I love running mysteries. I am not talking about the big, overarching, hey look at me I am trying to be Lost type of mystery, but rather the good old gumshoe-style story. The nice thing is that a story like this can slip easily into any genre, from the tux-and-tie of a spy story, to the crown-and-sword of a fantasy campaign. It just takes a bit of costuming, and you can dress a mystery up pretty much any way you like.
Let’s take a quick look at how a mystery is different from a dungeon crawl. The main difference for me is that one is active and the other is reactive. In a dungeon crawl, the party arriving in the dungeon is the thing that is happening. Sure, they may be there as a response to some action a villain has taken. You would think this would put the party in control of the story, but instead it really puts the narrative in the hands of the GM.
Why? Because no matter how big the dungeon is at any point along the road, the only real choice the party has is which door to open next. A mystery, on the other hand, makes the players react. Something bad–or perhaps something that seems to be bad–has happened, and the party needs to figure out who did it, and often why.
This puts them in the driver’s seat. They can latch on to any little bit of information you have given them and try to use that to get some answers. One of the advantages of a mystery is that the story stops being a set of railroad tracks that guide the party to where you want them to be. Instead, the story becomes part of the reward system.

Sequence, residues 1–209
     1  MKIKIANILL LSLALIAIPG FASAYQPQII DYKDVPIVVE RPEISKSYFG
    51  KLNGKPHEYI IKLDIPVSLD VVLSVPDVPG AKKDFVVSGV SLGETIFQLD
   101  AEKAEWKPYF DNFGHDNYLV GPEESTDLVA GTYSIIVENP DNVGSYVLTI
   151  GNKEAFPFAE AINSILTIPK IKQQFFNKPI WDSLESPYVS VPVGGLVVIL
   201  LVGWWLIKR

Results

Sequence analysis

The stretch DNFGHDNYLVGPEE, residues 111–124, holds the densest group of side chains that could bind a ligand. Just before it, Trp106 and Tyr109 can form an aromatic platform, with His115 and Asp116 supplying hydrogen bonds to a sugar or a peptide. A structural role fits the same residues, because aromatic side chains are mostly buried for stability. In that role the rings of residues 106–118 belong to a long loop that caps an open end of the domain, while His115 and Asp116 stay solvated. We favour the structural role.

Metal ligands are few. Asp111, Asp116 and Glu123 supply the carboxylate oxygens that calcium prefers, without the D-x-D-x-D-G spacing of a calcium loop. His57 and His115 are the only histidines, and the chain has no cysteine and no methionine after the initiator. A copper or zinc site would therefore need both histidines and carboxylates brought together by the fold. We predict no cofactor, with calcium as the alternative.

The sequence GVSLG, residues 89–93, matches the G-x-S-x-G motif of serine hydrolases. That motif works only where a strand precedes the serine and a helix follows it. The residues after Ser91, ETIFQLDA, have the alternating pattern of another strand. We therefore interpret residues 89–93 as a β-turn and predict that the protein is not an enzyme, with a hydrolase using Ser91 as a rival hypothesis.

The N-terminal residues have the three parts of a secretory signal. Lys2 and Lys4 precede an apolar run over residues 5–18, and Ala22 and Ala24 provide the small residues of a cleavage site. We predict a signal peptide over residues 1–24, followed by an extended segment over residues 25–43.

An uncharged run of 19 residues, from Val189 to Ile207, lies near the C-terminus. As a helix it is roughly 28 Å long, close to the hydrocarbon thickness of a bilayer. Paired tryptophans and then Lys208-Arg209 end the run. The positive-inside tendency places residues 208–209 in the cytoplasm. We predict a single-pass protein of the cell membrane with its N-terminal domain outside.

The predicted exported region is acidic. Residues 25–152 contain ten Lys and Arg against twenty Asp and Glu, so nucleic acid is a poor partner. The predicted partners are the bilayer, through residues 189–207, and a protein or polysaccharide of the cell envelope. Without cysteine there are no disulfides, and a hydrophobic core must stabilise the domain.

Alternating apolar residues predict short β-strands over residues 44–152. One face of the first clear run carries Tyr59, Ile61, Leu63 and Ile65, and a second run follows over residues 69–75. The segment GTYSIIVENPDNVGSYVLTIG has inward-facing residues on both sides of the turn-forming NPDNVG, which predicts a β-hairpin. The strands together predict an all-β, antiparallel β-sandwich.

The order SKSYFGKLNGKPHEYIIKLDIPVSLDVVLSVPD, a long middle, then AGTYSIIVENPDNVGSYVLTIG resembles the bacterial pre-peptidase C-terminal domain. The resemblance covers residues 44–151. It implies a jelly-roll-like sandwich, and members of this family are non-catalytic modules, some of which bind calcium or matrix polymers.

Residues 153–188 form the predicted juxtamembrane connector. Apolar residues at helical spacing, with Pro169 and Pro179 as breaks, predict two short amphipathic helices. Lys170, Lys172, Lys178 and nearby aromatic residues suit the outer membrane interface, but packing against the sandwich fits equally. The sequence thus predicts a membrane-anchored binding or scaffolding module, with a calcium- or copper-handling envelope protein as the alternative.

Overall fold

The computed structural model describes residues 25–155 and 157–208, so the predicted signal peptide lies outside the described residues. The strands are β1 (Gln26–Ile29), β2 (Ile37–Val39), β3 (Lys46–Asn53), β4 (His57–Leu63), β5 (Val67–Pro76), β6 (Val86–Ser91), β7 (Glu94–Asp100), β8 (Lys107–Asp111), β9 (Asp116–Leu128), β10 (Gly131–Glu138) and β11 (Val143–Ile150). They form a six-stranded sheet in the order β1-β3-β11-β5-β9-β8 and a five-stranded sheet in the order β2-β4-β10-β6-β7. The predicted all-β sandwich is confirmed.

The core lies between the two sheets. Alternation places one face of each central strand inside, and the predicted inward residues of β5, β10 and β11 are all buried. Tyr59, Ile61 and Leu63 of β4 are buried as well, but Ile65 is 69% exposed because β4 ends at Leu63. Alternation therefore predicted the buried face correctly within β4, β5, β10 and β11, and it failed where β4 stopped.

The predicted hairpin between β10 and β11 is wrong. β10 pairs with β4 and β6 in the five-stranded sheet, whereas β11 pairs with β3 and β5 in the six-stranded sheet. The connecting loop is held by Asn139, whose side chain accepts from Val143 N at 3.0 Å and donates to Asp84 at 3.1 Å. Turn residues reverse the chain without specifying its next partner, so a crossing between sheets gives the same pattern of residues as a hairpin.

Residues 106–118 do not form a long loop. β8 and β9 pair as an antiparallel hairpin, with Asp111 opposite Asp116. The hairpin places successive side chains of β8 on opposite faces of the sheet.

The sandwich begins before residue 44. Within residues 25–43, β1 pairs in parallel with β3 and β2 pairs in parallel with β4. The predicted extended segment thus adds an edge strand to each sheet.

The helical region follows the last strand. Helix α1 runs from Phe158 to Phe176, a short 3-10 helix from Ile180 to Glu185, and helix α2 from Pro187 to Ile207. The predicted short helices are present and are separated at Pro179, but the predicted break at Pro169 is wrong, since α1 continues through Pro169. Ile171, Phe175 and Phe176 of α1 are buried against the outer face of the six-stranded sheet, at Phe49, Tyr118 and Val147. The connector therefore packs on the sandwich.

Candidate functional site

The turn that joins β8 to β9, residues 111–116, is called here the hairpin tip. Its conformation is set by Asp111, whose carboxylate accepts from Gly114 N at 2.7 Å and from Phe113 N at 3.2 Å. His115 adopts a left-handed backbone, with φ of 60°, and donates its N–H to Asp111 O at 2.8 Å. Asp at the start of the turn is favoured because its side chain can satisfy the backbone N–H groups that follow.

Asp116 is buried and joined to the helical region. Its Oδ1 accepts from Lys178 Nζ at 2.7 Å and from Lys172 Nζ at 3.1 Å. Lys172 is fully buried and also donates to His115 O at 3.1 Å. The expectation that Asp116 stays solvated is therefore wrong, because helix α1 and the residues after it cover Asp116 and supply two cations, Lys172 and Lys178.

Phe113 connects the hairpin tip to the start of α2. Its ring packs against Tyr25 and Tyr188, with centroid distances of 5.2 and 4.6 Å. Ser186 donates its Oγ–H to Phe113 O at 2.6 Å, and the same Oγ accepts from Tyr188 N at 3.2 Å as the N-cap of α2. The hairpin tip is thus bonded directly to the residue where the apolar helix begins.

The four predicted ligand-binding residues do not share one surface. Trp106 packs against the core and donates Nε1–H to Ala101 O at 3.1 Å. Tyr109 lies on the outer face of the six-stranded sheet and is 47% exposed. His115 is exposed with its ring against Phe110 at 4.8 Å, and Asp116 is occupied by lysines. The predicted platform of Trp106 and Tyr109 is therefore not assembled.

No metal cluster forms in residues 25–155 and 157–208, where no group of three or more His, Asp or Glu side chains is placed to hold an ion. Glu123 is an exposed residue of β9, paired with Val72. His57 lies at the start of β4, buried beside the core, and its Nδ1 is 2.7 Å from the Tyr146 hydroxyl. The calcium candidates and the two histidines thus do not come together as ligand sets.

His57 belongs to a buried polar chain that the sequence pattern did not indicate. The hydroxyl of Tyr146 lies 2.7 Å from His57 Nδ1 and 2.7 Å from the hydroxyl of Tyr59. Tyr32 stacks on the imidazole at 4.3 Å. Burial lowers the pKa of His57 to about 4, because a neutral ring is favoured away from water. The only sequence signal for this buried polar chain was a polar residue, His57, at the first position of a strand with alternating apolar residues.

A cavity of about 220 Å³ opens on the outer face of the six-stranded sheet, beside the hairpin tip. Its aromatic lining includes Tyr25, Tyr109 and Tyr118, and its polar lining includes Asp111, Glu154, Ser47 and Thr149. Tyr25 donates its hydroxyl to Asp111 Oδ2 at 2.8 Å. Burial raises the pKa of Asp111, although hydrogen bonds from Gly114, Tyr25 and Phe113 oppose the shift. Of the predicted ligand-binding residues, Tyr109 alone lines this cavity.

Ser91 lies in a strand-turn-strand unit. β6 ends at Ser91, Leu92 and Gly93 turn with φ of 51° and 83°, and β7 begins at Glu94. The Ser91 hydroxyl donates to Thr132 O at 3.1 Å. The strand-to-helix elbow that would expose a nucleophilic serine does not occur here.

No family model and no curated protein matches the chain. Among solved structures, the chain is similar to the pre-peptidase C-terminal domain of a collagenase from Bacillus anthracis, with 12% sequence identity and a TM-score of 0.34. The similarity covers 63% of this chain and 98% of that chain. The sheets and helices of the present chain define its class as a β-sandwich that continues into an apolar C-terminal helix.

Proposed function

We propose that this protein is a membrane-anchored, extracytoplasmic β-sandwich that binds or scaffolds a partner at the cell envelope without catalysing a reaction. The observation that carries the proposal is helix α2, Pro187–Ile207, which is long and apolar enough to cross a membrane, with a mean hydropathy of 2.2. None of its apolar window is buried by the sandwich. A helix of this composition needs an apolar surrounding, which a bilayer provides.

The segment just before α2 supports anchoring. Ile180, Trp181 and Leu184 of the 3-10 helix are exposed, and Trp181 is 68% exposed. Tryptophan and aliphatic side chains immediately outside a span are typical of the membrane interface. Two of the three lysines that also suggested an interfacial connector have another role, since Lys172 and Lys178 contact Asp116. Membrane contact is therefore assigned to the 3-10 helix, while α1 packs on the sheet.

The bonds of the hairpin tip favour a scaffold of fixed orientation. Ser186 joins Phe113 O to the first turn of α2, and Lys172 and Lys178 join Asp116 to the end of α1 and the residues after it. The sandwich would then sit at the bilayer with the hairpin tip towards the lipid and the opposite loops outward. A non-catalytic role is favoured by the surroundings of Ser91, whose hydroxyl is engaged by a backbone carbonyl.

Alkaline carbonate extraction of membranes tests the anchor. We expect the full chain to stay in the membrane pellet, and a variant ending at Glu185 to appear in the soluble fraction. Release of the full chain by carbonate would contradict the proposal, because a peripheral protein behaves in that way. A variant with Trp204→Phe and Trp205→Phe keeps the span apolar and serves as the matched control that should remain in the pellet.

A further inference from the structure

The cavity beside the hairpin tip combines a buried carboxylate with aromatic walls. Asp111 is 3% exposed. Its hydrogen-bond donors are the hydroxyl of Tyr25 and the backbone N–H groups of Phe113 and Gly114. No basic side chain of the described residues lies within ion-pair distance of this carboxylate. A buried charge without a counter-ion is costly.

You can hand out information about what is going on when players do something right, whether it is something you planned or not. If they think of an interesting and effective way to get information that is outside of what you had planned, give them a clue. They get an ah ha moment, then they have to figure out what to do with it.
So what do you need to know to run a good murder mystery adventure?
What makes a mystery fun is the obfuscation, but that is not where we want to start. We need to start at the center of thing. Who did What to Whom and Why. Before we can place the red herrings, choose the McGuffins, and hide the murder weapon, we need to know the basics.
From here we start the process of obfuscation. This usually introduces one or more new who’s to the equation: the suspects. These are the people who have a reason to want the victim gone, or, at least appear to have a reason. These suspects don’t take much to flesh out, either: a name, a motive, a few phrases that describe them, and an alibi.
The other thing you will need for a good mystery is the clues. Here is a place where it is easy to make a mistake. If you leave too few clues, you force the players to move along a path you have built for them. A mystery adventure should feel like the players are building their own roads. On the other hand, too many clues, and the case is too easy.
I usually solve this by coming up with a few clues that the players can investigate to start things off, and working organically from there. I know what happened and I know who did it, so I know what evidence to plant as things progress. Now, not every clue you plant needs to pan out to be a red herring that gets the party looking the wrong way at the right moment, but it can be great fun.
There is a lot more to say about mysteries and how to craft them, but this is a lot to take in. For now, let’s take a moment to recap. A mystery is a great way to let the players off the tracks for a bit to do their own thing. This means there must be more than one way to solve the mystery. We can do this by keeping things organic and keeping our notes simple: Who did What to Whom, and why are the other suspects innocent?